A colonoscopy itself usually takes about 30 minutes, but may take longer if a polyp is found and removed. Before the colonoscopy begins, you will be given a sedating medicine (usually through your vein) to make you feel comfortable and sleepy during the procedure. You will probably be awake, but you may not be aware of what is going on and may not remember the procedure afterward. Most people will be fully awake by the time they get home from the test.
During the procedure, you will be asked to lie on your side with your knees flexed and a drape will cover you. Your blood pressure, heart rate, and breathing rate will be monitored during and after the test.
Your doctor should do a digital rectal exam (inserting a gloved, lubricated finger into the rectum), before inserting the colonoscope. The colonoscope is lubricated so it can be easily inserted into the rectum. Once in the rectum, the colonoscope is passed all the way to the beginning of the colon, called the cecum. You may feel an urge to have a bowel movement when the colonoscope is inserted or pushed further up the colon. To ease any discomfort it may help to breathe deeply and slowly through your mouth. The colonoscope will deliver air into the colon so that it is easier for the doctor to see the lining of the colon and use the instruments to perform the test. Suction will be used to remove any blood or liquid stools.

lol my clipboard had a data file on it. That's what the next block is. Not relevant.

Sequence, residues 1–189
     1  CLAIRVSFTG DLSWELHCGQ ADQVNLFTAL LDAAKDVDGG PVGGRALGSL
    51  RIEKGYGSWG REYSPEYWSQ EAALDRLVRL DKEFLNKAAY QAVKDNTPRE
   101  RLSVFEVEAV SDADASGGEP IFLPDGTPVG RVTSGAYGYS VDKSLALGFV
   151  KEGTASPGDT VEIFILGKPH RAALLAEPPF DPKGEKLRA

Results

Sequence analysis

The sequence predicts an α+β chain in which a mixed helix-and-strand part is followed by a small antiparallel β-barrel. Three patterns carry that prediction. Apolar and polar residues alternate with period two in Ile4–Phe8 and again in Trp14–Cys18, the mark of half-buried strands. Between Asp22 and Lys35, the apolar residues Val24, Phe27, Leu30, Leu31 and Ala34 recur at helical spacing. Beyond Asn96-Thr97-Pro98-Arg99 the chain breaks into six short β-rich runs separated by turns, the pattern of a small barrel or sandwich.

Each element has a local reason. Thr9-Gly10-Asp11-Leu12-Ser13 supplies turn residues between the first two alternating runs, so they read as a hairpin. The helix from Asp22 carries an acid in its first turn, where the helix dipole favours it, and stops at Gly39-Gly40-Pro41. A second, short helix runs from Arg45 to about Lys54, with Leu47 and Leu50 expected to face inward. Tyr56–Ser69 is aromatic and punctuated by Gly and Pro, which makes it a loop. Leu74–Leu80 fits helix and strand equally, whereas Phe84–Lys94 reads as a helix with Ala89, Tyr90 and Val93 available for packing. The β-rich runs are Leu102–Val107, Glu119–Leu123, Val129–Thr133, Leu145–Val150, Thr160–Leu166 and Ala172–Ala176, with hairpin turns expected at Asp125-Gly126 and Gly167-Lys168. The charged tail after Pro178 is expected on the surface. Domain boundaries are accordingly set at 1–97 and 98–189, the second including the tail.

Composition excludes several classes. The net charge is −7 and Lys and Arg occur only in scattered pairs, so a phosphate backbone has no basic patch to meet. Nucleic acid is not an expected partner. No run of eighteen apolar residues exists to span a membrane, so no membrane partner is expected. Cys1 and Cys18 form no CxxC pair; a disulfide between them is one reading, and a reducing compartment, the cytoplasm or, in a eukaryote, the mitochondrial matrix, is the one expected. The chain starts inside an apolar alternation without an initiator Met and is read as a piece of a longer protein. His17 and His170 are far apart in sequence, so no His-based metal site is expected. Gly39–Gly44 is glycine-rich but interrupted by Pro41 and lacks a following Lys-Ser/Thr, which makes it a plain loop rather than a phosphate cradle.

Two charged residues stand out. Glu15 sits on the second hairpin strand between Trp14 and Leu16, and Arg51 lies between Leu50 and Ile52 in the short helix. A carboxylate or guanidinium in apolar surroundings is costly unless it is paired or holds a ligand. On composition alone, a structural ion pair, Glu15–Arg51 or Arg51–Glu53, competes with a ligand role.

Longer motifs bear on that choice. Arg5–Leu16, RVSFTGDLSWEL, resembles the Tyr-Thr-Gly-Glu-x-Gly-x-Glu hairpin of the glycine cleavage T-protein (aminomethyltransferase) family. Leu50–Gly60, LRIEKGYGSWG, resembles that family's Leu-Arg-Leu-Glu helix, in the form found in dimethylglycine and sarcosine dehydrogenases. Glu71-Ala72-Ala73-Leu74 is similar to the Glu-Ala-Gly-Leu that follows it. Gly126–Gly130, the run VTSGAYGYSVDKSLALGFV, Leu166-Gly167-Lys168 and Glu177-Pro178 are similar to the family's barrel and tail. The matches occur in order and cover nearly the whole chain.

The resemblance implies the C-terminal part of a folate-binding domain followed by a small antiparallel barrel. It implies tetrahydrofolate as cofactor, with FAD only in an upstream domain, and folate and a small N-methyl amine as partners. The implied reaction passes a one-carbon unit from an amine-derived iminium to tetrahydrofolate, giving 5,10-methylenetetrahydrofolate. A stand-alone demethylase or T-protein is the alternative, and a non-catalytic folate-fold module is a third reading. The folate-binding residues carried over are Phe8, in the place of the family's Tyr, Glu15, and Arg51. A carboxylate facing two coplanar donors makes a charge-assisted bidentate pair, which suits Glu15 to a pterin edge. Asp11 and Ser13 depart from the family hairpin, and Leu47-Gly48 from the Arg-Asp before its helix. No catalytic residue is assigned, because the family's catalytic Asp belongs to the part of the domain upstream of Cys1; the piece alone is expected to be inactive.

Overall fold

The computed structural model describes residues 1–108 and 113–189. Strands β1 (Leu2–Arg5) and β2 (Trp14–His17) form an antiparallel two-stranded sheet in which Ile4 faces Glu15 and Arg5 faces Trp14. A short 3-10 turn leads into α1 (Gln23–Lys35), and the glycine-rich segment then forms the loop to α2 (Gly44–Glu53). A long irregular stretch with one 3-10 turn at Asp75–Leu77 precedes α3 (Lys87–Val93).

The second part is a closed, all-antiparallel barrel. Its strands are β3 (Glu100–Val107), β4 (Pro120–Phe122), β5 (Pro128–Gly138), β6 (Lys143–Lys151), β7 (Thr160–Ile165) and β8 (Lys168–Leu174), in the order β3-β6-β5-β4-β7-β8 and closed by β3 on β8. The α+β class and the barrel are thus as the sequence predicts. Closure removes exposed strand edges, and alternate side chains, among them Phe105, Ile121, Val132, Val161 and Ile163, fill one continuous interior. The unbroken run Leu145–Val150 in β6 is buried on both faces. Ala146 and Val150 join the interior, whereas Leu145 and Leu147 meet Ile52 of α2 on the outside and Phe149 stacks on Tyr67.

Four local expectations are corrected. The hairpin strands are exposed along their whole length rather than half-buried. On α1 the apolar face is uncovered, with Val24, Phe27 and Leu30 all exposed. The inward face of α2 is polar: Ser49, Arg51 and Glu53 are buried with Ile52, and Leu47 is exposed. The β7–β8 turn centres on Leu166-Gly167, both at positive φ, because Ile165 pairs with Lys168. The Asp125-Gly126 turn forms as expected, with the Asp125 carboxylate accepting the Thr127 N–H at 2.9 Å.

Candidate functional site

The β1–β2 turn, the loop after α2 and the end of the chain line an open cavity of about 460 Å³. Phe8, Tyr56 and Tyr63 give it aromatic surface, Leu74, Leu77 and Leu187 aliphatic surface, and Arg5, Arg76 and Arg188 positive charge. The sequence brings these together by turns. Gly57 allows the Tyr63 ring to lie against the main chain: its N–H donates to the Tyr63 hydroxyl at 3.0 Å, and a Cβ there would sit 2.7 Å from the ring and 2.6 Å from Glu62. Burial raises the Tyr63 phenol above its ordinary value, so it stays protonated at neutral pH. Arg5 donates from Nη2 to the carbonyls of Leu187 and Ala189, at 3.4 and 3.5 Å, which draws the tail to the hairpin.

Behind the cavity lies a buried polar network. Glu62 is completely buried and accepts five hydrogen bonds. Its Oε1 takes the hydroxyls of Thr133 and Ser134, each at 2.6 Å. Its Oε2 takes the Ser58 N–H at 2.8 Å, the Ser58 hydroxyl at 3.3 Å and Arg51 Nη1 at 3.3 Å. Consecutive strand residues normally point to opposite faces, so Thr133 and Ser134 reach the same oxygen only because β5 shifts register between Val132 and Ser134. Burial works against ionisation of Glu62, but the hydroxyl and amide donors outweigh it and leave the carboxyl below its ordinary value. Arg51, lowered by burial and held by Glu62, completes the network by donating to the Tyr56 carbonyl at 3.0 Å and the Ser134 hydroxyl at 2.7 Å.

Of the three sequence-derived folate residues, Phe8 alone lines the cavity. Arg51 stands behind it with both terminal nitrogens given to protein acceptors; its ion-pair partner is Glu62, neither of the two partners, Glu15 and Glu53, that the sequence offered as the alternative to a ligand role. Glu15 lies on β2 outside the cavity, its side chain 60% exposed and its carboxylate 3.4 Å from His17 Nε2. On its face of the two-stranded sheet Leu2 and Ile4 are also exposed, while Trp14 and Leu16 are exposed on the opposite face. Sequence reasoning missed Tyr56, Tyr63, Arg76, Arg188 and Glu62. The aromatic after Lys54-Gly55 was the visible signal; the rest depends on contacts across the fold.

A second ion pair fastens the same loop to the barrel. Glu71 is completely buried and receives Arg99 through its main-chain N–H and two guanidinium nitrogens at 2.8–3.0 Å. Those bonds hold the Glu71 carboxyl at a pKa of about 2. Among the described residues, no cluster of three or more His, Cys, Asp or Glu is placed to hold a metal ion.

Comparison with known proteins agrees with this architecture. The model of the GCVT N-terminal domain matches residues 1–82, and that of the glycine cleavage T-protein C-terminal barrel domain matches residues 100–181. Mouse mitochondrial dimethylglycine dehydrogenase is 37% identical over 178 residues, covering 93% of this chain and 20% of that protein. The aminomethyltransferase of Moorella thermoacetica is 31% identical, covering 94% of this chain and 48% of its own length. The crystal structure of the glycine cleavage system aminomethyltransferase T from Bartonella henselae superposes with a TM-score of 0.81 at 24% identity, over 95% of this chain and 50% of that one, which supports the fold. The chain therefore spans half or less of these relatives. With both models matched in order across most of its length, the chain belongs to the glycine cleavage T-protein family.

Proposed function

The doctor will look at the inner walls of the colon as he or she slowly withdraws the colonoscope. If a small polyp is found, the doctor may remove it. Some small polyps may eventually become cancerous. For this reason, they are usually removed. This is usually done by passing a wire loop through the colonoscope to cut the polyp from the wall of the colon with an electrical current. The polyp can then be sent to a lab to be checked under a microscope to see if it has any areas that have changed into cancer.If your doctor sees a larger polyp or tumor or anything else abnormal, a biopsy may be done. For this procedure, a small piece of tissue is taken out through the colonoscope. The tissue is looked at under a microscope to determine if it is a cancer, a benign (non-cancerous) growth, or a result of inflammation.